#NewsMatters: The National Assembly Report
By Raquel Fletcher
Liberal leader slams “historic anglophones” reference
Quebec Liberal Party leader Dominique Anglade is trying to distinguish her party from the governing Coalition Avenir Québec on at least two fronts – anglophones and climate change.
During the Liberal’s policy convention this past weekend in Quebec City, Anglade slammed Premier François Legault for his reference to “historic anglophones,” in a speech last month to open a new session of the National Assembly. Many anglophones find the term offensive.
“I have a message for him and to all English-speaking Quebecers,” Anglade said during her address to party members Friday night at the convention.
“I hear your concern and, yes, your suspicion, when you witness the Premier choosing the word ‘historic’ to describe your place here. Let him understand, here, now and always: You are Quebecers,” she said.
However, Westmount-St. Louis MNA, Jennifer Maccarone said she recognizes the Liberal Party has its own work to do to win back the esteem of English speakers.
“I hear that people feel that we haven't been there, and that is absolutely something that we need to address,” she said.
The Liberal Party supports the government’s controversial French language reform, Bill 96, but MNAs insisted they are fighting for amendments to protect the rights of Anglophones.
$100 billion climate change plan
Seeking to redefine the Liberal Party heading into next year’s provincial election, Anglade promised a $100 billion plan to combat climate change if her party wins back power.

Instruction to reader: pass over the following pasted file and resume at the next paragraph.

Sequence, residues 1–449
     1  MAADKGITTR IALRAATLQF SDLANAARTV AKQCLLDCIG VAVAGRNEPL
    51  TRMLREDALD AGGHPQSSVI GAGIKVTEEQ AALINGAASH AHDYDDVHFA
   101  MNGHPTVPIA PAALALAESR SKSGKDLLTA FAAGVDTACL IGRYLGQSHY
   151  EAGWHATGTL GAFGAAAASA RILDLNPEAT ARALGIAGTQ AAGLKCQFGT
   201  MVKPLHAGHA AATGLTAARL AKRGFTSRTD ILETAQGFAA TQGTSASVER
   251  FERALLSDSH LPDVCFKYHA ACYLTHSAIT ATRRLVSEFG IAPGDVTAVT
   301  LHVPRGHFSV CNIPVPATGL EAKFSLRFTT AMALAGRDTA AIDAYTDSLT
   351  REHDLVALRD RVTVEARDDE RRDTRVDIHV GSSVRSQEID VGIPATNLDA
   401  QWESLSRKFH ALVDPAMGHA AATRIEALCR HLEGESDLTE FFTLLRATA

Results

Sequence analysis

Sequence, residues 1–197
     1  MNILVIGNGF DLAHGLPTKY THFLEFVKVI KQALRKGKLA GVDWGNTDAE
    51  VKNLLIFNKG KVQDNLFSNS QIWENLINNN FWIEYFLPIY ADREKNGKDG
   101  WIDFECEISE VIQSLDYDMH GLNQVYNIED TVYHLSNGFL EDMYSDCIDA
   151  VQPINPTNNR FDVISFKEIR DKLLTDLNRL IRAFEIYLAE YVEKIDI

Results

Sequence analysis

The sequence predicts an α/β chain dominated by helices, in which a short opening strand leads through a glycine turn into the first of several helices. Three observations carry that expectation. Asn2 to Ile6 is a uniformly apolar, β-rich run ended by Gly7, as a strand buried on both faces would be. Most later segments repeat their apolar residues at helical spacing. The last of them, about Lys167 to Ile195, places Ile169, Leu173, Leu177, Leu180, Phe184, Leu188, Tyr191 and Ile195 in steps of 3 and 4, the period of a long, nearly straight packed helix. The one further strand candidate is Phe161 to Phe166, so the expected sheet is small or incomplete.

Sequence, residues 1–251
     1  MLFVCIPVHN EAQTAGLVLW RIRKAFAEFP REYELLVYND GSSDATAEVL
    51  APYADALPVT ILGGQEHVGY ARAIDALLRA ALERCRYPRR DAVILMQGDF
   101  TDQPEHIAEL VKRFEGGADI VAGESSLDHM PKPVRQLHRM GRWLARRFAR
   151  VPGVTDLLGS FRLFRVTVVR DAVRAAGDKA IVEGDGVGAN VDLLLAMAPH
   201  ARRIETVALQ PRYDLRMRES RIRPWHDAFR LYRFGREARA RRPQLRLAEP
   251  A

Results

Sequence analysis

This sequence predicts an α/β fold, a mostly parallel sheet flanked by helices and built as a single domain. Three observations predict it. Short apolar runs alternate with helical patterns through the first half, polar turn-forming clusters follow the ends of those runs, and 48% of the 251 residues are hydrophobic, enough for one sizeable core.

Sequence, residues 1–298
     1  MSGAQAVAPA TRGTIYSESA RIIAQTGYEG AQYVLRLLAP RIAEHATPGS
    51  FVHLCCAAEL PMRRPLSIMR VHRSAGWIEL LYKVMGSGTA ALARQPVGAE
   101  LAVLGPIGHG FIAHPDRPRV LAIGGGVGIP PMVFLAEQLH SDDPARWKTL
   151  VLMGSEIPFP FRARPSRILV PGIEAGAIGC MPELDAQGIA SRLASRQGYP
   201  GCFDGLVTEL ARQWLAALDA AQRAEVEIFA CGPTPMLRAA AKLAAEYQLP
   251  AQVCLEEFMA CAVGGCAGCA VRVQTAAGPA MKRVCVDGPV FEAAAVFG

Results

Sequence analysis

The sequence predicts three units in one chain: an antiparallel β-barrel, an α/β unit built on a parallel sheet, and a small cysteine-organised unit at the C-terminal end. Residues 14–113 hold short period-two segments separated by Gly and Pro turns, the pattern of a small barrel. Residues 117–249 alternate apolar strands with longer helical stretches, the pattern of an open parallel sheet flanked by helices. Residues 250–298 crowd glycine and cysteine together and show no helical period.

Project Eco would nationalize green hydrogen production, a clean fossil fuel alternative that can be used where hydroelectricity cannot, such as to fuel ships and planes. Anglade wants to make the environment the party’s top priority while setting it apart from political rivals.
“There's no question that we had to make a decision about where the party is going,” Anglade said. “I've been saying all along that the biggest challenge we have is the challenge of climate change.”
The Liberals suffered an historic loss of seats in the 2018 provincial election and Quebec Solidaire is currently polling higher among francophones. However, Liberals brushed off the suggestion the party is moving towards the left to draw voters away from the second opposition.
“We are much more pro-business,” said MNA Pierre Arcand.
CAQ not doing enough on environment: Liberals
At the same time, the Liberals criticized the CAQ for being too focused on the economy and not including any money to fight climate change in its economic update unveiled last week.
Finance Minister Eric Girard announced $11 billion in new spending over the next five years, including a special rising cost of living allowance for low and middle-income wage earners, who will receive a cheque for $275 ($400 for a couple) in the new year.
In the past, Legault has responded to criticism he is not doing enough for the environment by expressing his desire to export more hydroelectricity to neighbouring states and provinces and make Quebec the “battery of North America.” The government has also talked about producing green hydrogen, but has yet to invest major sums of money.
Raquel Fletcher is Global News’ National Assembly Reporter